Thursday, February 10, 2011
Room 1636, School of Social Work Building, 1080 South University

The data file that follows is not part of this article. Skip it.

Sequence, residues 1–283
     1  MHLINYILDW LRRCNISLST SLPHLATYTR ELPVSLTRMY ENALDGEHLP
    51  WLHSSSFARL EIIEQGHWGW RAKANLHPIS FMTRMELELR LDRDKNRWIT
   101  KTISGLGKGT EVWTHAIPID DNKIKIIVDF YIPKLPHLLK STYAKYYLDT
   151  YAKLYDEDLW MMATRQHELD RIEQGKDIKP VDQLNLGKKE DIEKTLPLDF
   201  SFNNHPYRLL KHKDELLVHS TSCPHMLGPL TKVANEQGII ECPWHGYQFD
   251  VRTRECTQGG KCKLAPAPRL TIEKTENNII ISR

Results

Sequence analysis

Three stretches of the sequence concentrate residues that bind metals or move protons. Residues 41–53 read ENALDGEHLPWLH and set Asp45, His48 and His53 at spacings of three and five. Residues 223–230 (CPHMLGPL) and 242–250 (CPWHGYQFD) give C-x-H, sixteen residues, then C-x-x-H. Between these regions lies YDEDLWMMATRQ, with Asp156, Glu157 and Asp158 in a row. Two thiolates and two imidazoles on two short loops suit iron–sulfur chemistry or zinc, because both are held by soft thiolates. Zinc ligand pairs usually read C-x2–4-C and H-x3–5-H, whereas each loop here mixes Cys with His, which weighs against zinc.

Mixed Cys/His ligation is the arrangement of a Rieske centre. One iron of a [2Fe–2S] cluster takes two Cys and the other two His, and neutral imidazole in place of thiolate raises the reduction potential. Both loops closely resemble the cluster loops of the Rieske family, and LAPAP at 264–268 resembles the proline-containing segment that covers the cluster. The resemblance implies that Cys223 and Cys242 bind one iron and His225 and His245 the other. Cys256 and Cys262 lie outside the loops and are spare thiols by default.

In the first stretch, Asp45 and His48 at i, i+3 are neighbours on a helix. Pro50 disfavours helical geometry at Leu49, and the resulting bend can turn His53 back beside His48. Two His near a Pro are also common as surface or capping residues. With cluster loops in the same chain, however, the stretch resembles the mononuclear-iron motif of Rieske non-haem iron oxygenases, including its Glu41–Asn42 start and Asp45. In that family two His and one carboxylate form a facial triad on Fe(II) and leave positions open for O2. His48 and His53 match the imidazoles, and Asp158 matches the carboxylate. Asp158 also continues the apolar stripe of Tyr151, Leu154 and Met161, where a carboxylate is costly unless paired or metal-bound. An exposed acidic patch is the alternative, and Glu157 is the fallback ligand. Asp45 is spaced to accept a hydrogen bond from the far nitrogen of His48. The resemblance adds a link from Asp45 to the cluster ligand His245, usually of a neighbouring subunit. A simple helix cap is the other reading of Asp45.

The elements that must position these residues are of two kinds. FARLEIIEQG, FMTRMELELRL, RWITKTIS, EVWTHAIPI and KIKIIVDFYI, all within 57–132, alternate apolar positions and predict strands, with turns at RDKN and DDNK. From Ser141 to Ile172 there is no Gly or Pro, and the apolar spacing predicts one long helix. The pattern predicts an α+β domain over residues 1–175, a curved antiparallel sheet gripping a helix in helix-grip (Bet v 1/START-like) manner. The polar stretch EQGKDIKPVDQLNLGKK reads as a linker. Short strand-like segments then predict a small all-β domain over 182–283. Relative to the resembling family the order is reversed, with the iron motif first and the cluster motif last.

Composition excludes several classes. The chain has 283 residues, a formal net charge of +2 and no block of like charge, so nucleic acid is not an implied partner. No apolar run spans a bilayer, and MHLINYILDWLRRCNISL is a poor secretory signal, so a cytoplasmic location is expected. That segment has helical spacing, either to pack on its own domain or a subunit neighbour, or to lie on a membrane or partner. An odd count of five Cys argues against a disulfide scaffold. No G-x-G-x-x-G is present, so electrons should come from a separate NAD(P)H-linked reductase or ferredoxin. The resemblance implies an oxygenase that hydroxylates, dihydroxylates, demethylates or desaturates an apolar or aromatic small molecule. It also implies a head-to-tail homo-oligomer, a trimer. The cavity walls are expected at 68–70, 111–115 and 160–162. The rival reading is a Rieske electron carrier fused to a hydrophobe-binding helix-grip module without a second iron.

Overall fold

How does civil society recover from the devastations of war? World War II was a dark time for Japan’s civil society. Large parts of Japanese civil society were repressed. Associations that managed to continue to operate during war often saw their activities crippled as members were increasingly drafted and/or as physical facilities of associations experienced physical damage. Drawing on original research of Japan’s civil society before and after World War II, Kage will show that despite the hardships of a long and protracted war, Japan’s civil society recovered strongly after the war, although with considerable variations in the extent of recovery across different prefectures. Why? Kage's study will argue that while U.S. occupation reforms provided an important precondition for promoting the recovery of Japan’s civil society, the reforms do not offer a full explanation. Instead, the experience of mobilization, coupled with prewar legacies of civic activities, shaped the extent to which civic activities recovered and subsequently surpassed prewar levels. The study yields important insights not only for understanding postwar Japan but also the recovery of societies from more recent wars as well.